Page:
You creep, I creep, we all creep! But the biggest creep of all could be Facebook. I always knew this, however I didn’t realize the extent of Facebook’s watchful eye until last November. My sister and I brilliantly decided to annoy my mother by putting up our Christmas tree two months early. Unfortunately being stuck in the cupboard under our stairs killed the twinkle and shine of half of the lights. I suggested we go Canadian Tire. My sister stopped obnoxiously clicking on her iPhone with her ludicrously long painted fingernails and looked up at me with an empty expression. “What’s that?” she asked.
Eventually, we got into the car drove to Canadian Tire blissfully unaware that Facebook joined us for the ride. The moment my sister opened up her Facebook when we got back home she asked me, “How does it know?!”. On her notifications page there was an ad for Canadian Tire. A place my sister had been gleefully ignorant of 15 minutes earlier.
Since then I keep asking myself. How does it know? And worse, what does it know?
“…It can indeed access your entire address book, send SMS messages, record photos or videos using your camera, know your location at all times, access the Internet when it wants, and a slew of other pretty creeptastic things.” According to the Huffington Post. When Facebook forced us to download the Messenger app last year, it also forced us to hand over a lot of data about ourselves. Including our phone calls, our text messages and location.
If that isn’t creepy enough, they can now take photos through your camera (on both ends of your phone) and record audio through your microphone. They may never exercise their capabilities but they have the potential to use it if they see fit.
Apart from the friends you know you have, Facebook can also suggest new friends by doing some math. According to the Toronto Star, “Facebook can run analyses against the structure of the network, using a long and entirely above-our-pay-grade list of coefficients and indices. Those coefficients account for a huge number of things: How many unusual commonalities do two people share, for instance? How many friends do they have in common? Which people in the network serve as rallying points, the people who know everyone? How many ‘degrees of separation’ exist between them, how many friends of friends?”
Facebook is not the only perpetrator of this creepy misdemeanor. Most of your apps follow you around all day. They know where you are at all times. If this doesn’t bother you, you can now turn on Nearby Friends and see whose hanging around your area. But if it does bother you, you can prevent it.
When you agree to the terms and conditions on Facebook, you allow it to access your email contacts as well as all your phone contacts. This means it has all the numbers in your address book as well as email contacts. Even included are those contacts who don’t have Facebook.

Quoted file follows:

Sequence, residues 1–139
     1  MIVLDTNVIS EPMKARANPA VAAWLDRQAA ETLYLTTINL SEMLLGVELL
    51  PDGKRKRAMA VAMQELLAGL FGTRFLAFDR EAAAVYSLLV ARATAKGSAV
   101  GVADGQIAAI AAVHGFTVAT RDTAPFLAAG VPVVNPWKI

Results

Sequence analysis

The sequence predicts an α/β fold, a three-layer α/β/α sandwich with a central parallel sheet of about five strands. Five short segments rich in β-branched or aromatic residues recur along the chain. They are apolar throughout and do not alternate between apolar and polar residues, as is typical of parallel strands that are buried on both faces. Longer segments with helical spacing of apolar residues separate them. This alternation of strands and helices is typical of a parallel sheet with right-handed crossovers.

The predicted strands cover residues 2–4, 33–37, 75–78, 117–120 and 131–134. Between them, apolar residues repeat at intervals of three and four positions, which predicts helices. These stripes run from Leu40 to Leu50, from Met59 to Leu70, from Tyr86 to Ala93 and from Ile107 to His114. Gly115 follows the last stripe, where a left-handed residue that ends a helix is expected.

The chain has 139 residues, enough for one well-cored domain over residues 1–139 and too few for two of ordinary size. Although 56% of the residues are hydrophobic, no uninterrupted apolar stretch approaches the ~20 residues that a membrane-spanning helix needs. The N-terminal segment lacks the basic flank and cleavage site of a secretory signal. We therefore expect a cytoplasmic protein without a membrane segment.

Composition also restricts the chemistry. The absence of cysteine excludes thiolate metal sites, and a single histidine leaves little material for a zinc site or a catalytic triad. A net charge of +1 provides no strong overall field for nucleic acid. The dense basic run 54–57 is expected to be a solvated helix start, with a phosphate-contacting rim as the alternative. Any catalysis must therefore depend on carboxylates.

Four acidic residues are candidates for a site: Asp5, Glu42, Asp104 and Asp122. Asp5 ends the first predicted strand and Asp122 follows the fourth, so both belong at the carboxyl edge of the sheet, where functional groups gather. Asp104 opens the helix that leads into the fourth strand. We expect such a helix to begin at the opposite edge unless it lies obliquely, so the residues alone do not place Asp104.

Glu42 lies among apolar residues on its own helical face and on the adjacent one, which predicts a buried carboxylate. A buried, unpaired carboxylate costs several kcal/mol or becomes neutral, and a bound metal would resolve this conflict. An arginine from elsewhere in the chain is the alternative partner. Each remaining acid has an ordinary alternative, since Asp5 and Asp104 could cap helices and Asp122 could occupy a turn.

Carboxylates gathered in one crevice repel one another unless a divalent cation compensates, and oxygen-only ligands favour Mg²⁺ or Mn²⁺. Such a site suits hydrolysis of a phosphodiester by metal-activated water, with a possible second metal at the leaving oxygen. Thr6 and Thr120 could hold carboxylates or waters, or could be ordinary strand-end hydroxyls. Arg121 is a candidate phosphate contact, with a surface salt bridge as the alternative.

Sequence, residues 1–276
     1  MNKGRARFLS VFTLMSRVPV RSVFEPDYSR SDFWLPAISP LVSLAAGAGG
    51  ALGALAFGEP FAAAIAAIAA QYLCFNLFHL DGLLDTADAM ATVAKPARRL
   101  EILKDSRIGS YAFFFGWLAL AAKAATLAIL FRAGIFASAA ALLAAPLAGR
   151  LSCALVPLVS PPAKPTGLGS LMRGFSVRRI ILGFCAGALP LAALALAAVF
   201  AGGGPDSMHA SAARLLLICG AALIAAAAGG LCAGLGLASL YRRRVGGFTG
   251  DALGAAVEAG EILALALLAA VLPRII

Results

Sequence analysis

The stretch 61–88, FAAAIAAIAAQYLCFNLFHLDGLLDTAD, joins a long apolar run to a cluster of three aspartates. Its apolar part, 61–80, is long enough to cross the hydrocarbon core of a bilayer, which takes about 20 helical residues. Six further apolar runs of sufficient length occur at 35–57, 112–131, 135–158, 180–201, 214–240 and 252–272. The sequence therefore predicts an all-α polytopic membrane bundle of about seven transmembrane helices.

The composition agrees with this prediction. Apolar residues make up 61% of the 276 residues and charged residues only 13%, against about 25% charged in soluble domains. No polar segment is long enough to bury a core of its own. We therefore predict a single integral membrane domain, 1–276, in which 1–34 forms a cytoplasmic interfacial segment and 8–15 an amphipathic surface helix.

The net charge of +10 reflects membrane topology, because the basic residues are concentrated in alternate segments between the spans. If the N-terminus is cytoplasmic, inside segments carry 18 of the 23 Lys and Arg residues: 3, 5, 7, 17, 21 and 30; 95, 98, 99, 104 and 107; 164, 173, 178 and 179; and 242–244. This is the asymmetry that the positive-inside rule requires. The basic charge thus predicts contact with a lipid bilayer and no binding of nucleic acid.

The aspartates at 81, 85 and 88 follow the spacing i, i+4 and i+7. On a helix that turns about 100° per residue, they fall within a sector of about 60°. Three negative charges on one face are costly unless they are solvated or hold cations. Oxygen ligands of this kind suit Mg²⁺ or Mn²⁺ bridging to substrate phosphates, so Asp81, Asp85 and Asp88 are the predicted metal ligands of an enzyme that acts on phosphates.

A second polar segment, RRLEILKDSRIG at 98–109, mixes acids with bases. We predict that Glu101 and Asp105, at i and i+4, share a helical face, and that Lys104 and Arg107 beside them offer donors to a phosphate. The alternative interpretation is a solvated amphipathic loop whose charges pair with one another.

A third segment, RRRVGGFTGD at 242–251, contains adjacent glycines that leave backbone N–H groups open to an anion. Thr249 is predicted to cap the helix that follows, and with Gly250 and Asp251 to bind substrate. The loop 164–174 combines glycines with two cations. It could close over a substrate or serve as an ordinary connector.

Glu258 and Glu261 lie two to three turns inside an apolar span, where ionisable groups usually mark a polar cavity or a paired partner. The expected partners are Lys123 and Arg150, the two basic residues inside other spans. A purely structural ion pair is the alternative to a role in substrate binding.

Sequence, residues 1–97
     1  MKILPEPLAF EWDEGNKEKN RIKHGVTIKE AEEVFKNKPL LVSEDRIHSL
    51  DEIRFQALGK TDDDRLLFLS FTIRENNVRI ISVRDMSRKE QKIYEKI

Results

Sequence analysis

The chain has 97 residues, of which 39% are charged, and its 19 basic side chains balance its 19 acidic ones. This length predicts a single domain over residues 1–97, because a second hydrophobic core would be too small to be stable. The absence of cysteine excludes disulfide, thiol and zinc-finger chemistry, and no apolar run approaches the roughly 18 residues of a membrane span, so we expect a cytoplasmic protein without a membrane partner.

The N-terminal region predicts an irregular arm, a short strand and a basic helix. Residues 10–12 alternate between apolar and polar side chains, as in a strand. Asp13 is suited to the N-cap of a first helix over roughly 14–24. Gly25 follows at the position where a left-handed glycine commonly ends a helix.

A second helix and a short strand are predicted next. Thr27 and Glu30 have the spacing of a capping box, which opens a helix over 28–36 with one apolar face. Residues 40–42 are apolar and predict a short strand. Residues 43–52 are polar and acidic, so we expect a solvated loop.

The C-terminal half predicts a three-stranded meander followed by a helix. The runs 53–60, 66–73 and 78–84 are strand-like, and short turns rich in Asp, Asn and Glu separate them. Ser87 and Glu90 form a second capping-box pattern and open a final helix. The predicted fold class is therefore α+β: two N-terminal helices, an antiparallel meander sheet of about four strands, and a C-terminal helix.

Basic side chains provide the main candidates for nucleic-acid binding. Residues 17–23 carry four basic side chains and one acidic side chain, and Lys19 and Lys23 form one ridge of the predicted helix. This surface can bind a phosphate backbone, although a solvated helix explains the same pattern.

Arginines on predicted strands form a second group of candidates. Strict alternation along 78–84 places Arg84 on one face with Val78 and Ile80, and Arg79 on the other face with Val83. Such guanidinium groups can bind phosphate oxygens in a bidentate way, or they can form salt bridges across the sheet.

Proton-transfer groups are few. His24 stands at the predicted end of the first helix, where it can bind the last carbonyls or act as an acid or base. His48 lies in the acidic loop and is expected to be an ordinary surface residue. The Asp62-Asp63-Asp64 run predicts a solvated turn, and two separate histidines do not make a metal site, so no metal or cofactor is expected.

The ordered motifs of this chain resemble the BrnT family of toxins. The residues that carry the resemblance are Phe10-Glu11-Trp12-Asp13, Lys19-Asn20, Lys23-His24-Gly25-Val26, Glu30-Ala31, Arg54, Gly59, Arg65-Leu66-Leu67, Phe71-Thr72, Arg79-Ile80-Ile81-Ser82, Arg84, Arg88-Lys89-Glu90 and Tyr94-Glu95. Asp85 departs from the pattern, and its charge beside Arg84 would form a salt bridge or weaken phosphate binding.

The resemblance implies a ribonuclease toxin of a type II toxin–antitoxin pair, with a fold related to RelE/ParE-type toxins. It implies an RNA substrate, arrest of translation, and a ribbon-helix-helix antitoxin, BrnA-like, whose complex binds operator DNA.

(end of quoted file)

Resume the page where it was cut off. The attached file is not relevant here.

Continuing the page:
Even if you are of the rare few that don’t have an account, Facebook still tracks your online movements. If you see the famous “Like” button on a website, that means Facebook is allowed to put something called a “cookie” into your computer. It’s not a delicious, tangible thing filled with chocolate chips. This “cookie”, unless deleted, can follow you around for two years. It doesn’t matter if you have an account or if you’re logged out.
I have Facebook, I can’t live without it and that worries me. We all use Facebook. It is presented to us like a choice, as if we could live our lives normally without it. But it isn’t a choice. Not having a profile on Facebook excludes you from your social circle. Society is now molded around the use of Facebook and social media. Employers skim over your resume if you lack the skills to use these online mediums. Friends and strangers look at you suspiciously if you lack a Facebook account. Good luck dating online when you can’t refer potential partners to a Facebook page to prove you are a real person.
“But I’m not doing anything wrong, why should I care?” I’ve heard this argument over and over again. You, as a member of society should care because it is impeding on your basic human rights. And one day, in the near future, when your privacy seems a bit more important in your career and life, it will be too late. Facebook will already know, who you are, where you go, what you do and who you do it with.
Written by Sarine Gulerian
Photo credit: Poster boy